During the March this year, I was fortunate to participate in a charity fund raising event, aptly called Bangers to Bluff. As the name implies this involved driving an older car from Auckland to Bluff, selling the car when the event finished and donating the proceeds to charity.
A banger was defined as any car that was registered, warranted, and was purchased for $2,000 or less. I was in a group of three people and we purchased a tidy four cylinder 2006 Toyota Camry with 197,000km on the clock for $2,000. There were 17 Bangers entered and 41 participants. The oldest Banger was 1988 and the newest 2006, and interestingly 5 of the17 bangers were Toyotas. On the trip only one car broke down, due to a faulty alternator which was quickly and easily fixed.
The trip was well organized, and we took 11 days to travel to Invercargill with interesting stops along the way. The trip was set up so that the largest towns we stayed in were Wanganui and Invercargill and we avoided the main highways whenever we could. We very much took the scenic route, travelling 2,900 km from Auckland to reach Bluff. We stayed in pleasant middle of the road motels and each day started with a briefing of the various highlights for that day.
The first day was from Auckland to Te Kuiti, where we had a Fred Dagg theme evening there. The second night was in Wanganui, and our third stop where we spent two nights was in Martinborough. This is a lovely town with lots to see and do, and it also helped staying at the Margrain vineyard. The next day we proceeded via ferry to Blenheim, and as you know the ferry service over Cooks Strait the past 6 months can only be described as incompetent and hopeless. We had a six hour delay that meant we did not get into Blenheim until 1.30am the next morning.
The next day was one of the highlights of the trip, driving the 180km over the Molesworth track to Hamner Springs. This road is only open for three months of the year, and it is fairly rough but quite passable in a modern car. We had a glorious day as well. Those that have not done this, I highly recommend it, as this was the first time for me. The next day was a leisurely drive to the mid Canterbury town of Geraldine, and the following day it snowed as we travelled to Mt Cook to stay at The Hermitage. On the way, we stopped at Fairlie, where there is a great pie shop. I keep my 1939 Chev there, so it was a good opportunity to show group members the car and to take it for a drive in the snow.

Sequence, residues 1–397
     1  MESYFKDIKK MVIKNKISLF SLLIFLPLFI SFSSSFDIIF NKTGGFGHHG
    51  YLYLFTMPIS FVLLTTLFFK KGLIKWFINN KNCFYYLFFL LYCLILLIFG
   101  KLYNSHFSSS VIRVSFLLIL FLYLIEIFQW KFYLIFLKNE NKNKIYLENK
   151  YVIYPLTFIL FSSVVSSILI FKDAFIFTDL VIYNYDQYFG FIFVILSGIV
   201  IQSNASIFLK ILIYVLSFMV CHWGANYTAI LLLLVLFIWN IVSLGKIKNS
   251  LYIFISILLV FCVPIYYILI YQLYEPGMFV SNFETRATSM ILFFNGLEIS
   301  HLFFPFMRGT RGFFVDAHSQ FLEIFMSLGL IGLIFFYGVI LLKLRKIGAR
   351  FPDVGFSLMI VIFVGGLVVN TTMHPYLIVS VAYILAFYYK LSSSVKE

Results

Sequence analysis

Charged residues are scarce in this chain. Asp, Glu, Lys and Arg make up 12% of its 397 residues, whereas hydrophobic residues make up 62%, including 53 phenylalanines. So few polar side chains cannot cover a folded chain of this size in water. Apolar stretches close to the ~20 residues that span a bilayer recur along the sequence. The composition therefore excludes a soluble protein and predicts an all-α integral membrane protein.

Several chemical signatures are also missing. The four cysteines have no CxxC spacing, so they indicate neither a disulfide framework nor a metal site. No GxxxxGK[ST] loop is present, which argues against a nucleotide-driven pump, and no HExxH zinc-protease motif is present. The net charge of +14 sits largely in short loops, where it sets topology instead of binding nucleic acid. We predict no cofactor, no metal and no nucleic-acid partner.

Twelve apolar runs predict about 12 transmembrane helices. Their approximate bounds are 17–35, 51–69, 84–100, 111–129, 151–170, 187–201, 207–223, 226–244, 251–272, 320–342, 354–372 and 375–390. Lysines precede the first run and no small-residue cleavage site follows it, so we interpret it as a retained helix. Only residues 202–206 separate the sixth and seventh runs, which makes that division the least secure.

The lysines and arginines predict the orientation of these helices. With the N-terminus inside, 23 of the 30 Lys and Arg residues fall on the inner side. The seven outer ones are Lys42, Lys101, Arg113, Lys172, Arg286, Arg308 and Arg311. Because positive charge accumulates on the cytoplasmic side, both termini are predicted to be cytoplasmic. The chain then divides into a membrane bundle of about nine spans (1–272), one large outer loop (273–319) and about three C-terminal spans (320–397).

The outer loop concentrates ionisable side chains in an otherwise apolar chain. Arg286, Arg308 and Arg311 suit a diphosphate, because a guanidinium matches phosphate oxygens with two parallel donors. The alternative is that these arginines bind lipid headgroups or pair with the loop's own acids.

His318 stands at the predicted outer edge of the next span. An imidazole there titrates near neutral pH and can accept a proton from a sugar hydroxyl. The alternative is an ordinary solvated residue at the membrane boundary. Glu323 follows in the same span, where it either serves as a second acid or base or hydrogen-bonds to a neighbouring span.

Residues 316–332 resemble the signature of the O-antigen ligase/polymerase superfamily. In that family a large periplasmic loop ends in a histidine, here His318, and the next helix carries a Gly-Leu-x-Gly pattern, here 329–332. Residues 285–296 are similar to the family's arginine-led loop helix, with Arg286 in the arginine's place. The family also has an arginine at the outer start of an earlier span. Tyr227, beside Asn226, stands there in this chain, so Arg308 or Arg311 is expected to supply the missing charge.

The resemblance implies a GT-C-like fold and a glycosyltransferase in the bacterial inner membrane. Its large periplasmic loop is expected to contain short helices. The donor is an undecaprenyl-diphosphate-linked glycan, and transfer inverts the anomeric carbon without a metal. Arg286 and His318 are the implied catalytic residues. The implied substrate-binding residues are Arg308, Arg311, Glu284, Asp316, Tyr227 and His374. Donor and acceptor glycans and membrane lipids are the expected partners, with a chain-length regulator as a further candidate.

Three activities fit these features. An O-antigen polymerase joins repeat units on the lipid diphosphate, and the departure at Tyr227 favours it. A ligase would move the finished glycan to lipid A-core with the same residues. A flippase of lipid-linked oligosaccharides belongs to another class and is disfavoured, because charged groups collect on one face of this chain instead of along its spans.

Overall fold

The next stop was Oamaru, over the snowy Dansey’s Pass. The road had been closed over the previous night but reopened at 10.30am, so there was very little traffic on it, and this is another iconic New Zealand drive. It is very scenic travelling through Central Otago to Oamaru, from where we headed to Balclutha. From Balclutha we drove to Invercargill and hence Bluff via another scenic road through the Catlins. Our end destination was Invercargill where we spent two nights.
The trip was a lot of fun with great people. There was a large amount of socializing in the evenings, with high tolerance to alcoholic drinks required. We had a lot of fun along the way, and each town we stayed in had their own unique attractions. We raised close to $90,000 for charity, which was a huge success.
This trip has now become an annual event for the Rotary Club of Half Moon Bay, here in Auckland. They keep it to under 20 cars, which means it is still a relatively small group. It is well organized, and next year’s trip is filling up fast.
I strongly recommend it, and plan to do it again in either 2025 or 2026.
If any club members are interested in this, please do not hesitate to give me a call. All the best. Cheers William
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